Director Marc Webb’s reboot of the Spider-Man movie series, titled “The Amazing Spider-Man” premiered in 2012. Ten years had gone by since the original “Spider-Man” film, directed by Sam Raimi, was released. While the two movies share obvious similarities in plot, the 2012 version takes Peter Parker’s story in a slightly different direction. Is this reboot of a classic superhero tale as amazing as its title suggests?
Andrew Garfield as Spider-Man
Just like the original, “The Amazing Spider-Man” focuses on the origin of its title character, showing Peter Parker’s transformation from nerdy high school student to web-slinging superhero. However, it implements an entirely new cast. Most notably, Andrew Garfield portrays Peter Parker, a.k.a. Spider-Man, which adds a new twist.
While Garfield stays mainly true to the comic character of Spider-Man, his portrayal is a little sassier than Tobey Maguire’s was. He places an emphasis on the witty backtalk that Spider-Man is known for, which is plenty entertaining for viewers. However, he does so at the expense of the shy, awkward Peter that audiences were accustomed to seeing from the prior series.
Emma Stone as Gwen Stacy
Emma Stone joins the cast as well, playing love interest Gwen Stacy. Comic book fans may have been excited to find out that the new movie would focus on Spider-Man’s relationship with Gwen Stacey instead of Mary Jane Watson. Odds are, they were not disappointed. Stone’s acting talent is obvious, and she and Garfield have natural chemistry on-screen.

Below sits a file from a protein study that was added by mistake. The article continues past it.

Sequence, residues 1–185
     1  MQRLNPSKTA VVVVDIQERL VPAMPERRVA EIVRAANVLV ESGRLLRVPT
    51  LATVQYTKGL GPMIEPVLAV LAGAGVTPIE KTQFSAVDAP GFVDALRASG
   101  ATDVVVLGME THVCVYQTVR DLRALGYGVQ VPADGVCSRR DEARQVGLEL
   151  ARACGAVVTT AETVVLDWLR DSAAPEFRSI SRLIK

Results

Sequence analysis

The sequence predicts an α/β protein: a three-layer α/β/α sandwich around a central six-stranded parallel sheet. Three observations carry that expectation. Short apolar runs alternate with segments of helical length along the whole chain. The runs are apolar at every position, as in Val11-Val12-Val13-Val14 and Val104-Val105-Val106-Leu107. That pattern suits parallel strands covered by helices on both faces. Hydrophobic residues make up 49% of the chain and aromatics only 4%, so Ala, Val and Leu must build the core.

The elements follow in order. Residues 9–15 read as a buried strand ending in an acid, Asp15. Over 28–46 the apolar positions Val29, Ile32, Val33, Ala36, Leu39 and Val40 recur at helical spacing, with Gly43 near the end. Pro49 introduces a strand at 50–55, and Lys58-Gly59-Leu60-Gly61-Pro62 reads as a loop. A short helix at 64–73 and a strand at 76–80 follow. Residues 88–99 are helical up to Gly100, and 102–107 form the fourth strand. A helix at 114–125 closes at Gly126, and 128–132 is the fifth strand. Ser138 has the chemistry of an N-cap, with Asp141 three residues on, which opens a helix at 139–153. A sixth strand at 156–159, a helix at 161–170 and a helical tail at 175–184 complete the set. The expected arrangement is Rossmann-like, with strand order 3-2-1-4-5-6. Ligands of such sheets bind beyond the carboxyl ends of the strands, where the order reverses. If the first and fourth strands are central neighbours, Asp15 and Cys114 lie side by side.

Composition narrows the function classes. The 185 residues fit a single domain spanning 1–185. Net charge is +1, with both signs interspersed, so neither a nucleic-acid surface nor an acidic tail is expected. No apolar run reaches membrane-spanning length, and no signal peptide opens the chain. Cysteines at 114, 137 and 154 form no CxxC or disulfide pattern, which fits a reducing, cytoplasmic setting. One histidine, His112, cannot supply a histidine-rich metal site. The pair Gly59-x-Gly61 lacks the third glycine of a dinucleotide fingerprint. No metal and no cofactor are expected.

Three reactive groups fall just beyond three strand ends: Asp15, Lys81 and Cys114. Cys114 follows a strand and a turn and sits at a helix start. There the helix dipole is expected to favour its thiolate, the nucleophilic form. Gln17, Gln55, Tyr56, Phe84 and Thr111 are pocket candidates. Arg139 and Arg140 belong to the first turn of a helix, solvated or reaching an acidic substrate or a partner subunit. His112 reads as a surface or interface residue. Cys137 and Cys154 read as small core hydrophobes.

Together, Garfield and Stone present a high school romance that is believable (except for the radioactive spider and giant lizard-man, of course). While some aspects of Spider-Man’s character may be compromised by Garfield’s performance, there is no denying that they are one good-looking couple.
Which movie did Spider-Man’s story better?
Both versions have advantages. There are some moments when “The Amazing Spider-Man” makes some real improvements upon its predecessor. There are others where the original “Spider-Man” still stands out.
“Spider-Man” does a better job of explaining his superpowers. There is a better visual representation of Peter Parker discovering his new-found strength, perfect vision, long-jump ability, and overall spidery-ness. “The Amazing Spider-Man” spends that screen time developing Peter’s back story. This is not necessarily a negative thing; explaining the disappearance of his parents creates more emotional depth in his character.
That said, “Spider-Man” has the advantage of including one particularly complex side character. Peter’s best friend Harry Osborn’s role as a double-agent protagonist/antagonist is integral to the plot depth of the story. Without any terribly complex characters, the cast of “The Amazing Spider-Man” seems a little empty. The only potential double-agent in the film is Gwen’s father, but, unlike Harry, his role as a protagonist is fairly well established by the time the credits roll.
What the “The Amazing Spider-Man” is lacking in character development, it makes up for in humor and charm. Simply put, it’s funnier. Relationships between characters are more believable. The romantic plot is more satisfying for the audience. Altogether, it’s an enjoyable, satisfying movie, despite the areas where it may falter.
It’s fairly safe to say that both Spider-Man movies are good. Sam Raimi’s “Spider-Man” series was hugely successful in its day. Marc Webb managed to find some interesting ways to adapt this classic story. If the new series is to become an overall improvement upon the old one, however, the sequel is going to have to incorporate some character complexity and maintain the chemistry between its starring actors.
The Amazing Spider-Man